It’s easy to complain that kids don’t exercise enough these days. A common stereotype of young people is that they sit on the couch all day with an Xbox controller in hand, a two-liter bottle of Mountain Dew to their right and empty boxes of Bagel Bites to their left. While many complain about this, few people do anything to actually try and get kids to go outside and play.
Forrest Fenn, however, is doing something about it. After getting fed up with young people’s lack of adventurous spirit, Fenn, a millionaire and art curator, put millions of dollars’ worth of gold coins and jewels in a treasure chest and hid it all in the mountains north of Santa Fe, N.M.
Fenn hid the treasure three years ago, but its popularity rose after he appeared on the TODAY Show. Clues about the whereabouts of the treasure can be found in Fenn’s memoir, “The Thrill of the Chase,” in the form of the poem listed at the end of the article.
Before it was unsafe to leave your doors unlocked at night or ride your bike to school, kids had a sense of adventure. They would go into the woods and explore just because their minds were curious about what lies beyond the backyard fence. We applaud Fenn for attempting to re-inspire this sense of wonder and adventure in America’s youth.
In fact, if the treasure had been hidden somewhere in Central Texas, the Lariat would not print this week because the entire staff would be out combing the plains.
If online reaction is any indicator, Fenn’s methods are effective. While this may be the coolest thing to happen in New Mexico since the alleged UFO crash in 1947, there are other, better ways to get kids to play outside—ways that don’t potentially endanger their lives.
Fenn’s investment could have funded a statewide project to build safe playgrounds for kids. He could have started recreational youth soccer leagues or funded an existing program, like NFL Play 60, that encourages kids to get their much-needed daily exercise.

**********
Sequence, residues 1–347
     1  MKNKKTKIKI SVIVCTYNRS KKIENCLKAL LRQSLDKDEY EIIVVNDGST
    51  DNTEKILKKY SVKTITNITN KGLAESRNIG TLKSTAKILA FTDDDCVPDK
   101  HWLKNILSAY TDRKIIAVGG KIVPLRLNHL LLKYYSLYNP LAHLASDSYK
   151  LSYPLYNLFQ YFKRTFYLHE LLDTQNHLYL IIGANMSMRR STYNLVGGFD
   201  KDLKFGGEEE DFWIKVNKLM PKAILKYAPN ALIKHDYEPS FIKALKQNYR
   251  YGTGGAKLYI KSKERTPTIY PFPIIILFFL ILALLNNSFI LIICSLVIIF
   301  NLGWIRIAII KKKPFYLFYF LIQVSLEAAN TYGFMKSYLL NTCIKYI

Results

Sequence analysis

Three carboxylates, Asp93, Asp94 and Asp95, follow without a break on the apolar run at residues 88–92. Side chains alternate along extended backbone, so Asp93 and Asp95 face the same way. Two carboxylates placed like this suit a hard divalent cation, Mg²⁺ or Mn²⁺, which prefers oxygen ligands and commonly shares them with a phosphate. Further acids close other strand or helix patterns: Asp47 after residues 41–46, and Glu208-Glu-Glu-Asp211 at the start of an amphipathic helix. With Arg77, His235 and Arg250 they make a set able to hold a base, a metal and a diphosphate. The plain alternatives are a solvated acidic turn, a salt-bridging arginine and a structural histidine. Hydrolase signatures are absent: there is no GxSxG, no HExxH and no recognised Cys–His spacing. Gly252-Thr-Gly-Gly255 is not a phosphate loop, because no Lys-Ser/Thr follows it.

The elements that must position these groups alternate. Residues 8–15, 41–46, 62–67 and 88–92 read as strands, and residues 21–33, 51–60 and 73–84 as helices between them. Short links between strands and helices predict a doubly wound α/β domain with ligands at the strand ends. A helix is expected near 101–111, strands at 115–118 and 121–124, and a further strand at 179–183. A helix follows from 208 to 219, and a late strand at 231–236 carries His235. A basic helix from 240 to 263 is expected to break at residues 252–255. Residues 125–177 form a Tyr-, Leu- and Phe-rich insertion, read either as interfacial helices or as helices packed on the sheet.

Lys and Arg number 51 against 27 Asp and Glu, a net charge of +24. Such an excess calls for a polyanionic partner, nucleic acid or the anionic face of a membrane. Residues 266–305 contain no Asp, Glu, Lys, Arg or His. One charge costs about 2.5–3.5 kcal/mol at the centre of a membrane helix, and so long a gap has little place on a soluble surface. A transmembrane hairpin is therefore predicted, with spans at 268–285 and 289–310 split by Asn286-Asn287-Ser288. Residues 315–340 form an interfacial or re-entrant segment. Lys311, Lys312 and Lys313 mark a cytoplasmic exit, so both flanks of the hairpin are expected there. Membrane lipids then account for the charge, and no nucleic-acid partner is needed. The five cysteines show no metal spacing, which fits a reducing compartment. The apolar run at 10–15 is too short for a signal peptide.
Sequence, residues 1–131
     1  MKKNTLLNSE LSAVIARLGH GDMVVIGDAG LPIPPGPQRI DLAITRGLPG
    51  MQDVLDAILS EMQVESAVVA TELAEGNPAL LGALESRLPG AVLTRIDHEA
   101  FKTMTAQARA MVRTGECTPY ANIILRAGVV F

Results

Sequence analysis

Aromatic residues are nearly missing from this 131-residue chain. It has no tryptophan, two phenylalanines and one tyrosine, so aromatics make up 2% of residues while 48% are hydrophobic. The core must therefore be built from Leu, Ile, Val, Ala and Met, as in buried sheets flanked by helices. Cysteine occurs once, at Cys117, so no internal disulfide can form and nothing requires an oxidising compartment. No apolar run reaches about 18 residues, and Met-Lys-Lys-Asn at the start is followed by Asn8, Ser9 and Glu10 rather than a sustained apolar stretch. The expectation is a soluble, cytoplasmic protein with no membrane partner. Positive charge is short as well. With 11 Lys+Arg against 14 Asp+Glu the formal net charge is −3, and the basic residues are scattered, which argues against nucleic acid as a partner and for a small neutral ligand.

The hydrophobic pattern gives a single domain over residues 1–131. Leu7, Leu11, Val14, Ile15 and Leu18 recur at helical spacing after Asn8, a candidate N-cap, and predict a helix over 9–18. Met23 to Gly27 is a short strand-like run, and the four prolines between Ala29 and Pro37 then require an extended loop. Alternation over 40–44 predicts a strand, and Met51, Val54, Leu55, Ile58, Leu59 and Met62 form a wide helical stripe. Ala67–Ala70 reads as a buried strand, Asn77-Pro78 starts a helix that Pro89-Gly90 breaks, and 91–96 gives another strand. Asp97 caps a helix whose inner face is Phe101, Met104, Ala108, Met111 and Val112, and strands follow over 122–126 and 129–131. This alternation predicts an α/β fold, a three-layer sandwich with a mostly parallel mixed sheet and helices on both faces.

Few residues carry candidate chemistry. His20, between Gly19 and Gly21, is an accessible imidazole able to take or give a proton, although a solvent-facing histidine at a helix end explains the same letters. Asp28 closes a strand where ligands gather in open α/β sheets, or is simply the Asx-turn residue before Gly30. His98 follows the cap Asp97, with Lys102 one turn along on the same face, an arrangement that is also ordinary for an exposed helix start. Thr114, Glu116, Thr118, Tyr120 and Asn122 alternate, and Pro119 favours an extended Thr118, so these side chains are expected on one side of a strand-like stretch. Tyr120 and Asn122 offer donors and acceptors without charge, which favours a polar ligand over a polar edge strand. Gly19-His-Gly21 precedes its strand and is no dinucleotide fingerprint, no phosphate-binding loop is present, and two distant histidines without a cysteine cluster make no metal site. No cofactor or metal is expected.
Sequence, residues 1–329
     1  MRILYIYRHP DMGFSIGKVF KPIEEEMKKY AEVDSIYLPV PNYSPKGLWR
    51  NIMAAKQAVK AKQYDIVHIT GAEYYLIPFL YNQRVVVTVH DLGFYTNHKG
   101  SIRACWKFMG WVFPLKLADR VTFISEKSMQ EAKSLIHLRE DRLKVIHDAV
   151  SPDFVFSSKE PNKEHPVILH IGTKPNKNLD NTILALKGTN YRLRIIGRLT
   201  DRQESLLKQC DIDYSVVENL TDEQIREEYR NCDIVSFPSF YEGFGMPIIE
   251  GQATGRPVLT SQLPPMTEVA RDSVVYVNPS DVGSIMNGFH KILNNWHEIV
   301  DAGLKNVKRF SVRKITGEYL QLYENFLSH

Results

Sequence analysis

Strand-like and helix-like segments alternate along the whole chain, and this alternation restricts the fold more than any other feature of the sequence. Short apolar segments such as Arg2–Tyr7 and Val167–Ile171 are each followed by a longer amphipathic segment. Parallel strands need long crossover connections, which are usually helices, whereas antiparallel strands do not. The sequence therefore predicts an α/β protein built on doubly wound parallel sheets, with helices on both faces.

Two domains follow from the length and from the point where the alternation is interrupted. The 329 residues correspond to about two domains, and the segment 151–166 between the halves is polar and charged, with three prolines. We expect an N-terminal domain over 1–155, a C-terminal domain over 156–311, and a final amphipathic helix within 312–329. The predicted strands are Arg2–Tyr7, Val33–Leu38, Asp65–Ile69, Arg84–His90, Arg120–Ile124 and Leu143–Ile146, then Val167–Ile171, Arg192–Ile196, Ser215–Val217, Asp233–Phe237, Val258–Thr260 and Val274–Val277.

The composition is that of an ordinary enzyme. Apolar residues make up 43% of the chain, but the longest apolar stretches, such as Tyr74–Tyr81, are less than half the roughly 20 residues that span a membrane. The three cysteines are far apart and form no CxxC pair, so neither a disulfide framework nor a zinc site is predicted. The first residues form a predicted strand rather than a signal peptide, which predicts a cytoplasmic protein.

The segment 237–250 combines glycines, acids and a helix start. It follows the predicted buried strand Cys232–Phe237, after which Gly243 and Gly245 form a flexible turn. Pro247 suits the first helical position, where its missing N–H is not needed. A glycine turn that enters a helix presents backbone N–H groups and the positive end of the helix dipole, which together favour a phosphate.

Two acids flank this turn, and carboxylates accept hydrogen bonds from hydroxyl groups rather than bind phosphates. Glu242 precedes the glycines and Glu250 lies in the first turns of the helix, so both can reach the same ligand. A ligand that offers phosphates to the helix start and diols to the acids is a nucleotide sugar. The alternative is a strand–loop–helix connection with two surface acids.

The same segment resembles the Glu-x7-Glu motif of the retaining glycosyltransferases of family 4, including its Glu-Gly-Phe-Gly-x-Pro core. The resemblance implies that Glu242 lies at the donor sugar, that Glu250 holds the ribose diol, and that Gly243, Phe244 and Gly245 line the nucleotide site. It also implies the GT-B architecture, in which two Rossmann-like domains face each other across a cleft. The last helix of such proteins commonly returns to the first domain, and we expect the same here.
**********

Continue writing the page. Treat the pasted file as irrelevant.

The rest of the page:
A lot can go wrong with sending kids into the mountains.
It is easy to envision a scenario where “The Goonies” turns into “Lord of the Flies” when groups of kids head out into the wilderness without the proper supervision.
There are bound to be adults looking for the treasure as well. Fenn’s efforts might be in vain when you consider that adults have the intelligence and means to find the treasure.
Ethical questions also arise. If kids run away to find the treasure and then go missing, to what extent is Fenn responsible?
Are people willing to break the laws to get to the treasure before anyone else? Is it right to just hand someone, especially a child, millions of dollars and hope that family and friends won’t extort or steal from the kid?
It’s a rough world out there, and it’s a much different time than the 1930s and 40s when Fenn grew up.
While Fenn is fighting for a good cause in the most awesome way possible, there is potential for disaster here. Investing in community recreation areas or middle school physical education programs would probably be more effective.
As I have gone alone in there
And with my treasures bold,
I can keep my secret where,
And hint of riches new and old.
Begin it where warm waters halt
And take it in the canyon down,
Not far, but too far to walk.
Put in below the home of Brown.
From there it’s no place for the meek,
The end is ever drawing nigh;
There’ll be no paddle up your creek,
Just heavy loads and water high.
If you’ve been wise and found the blaze,
Look quickly down, your quest to cease,
But tarry scant with marvel gaze,
Just take the chest and go in peace.
So why is it that I must go
And leave my trove for all to seek?
The answers I already know,
I’ve done it tired, and now I’m weak.
So hear me all and listen good,
Your effort will be worth the cold.
If you are brave and in the wood
I give you title to the gold.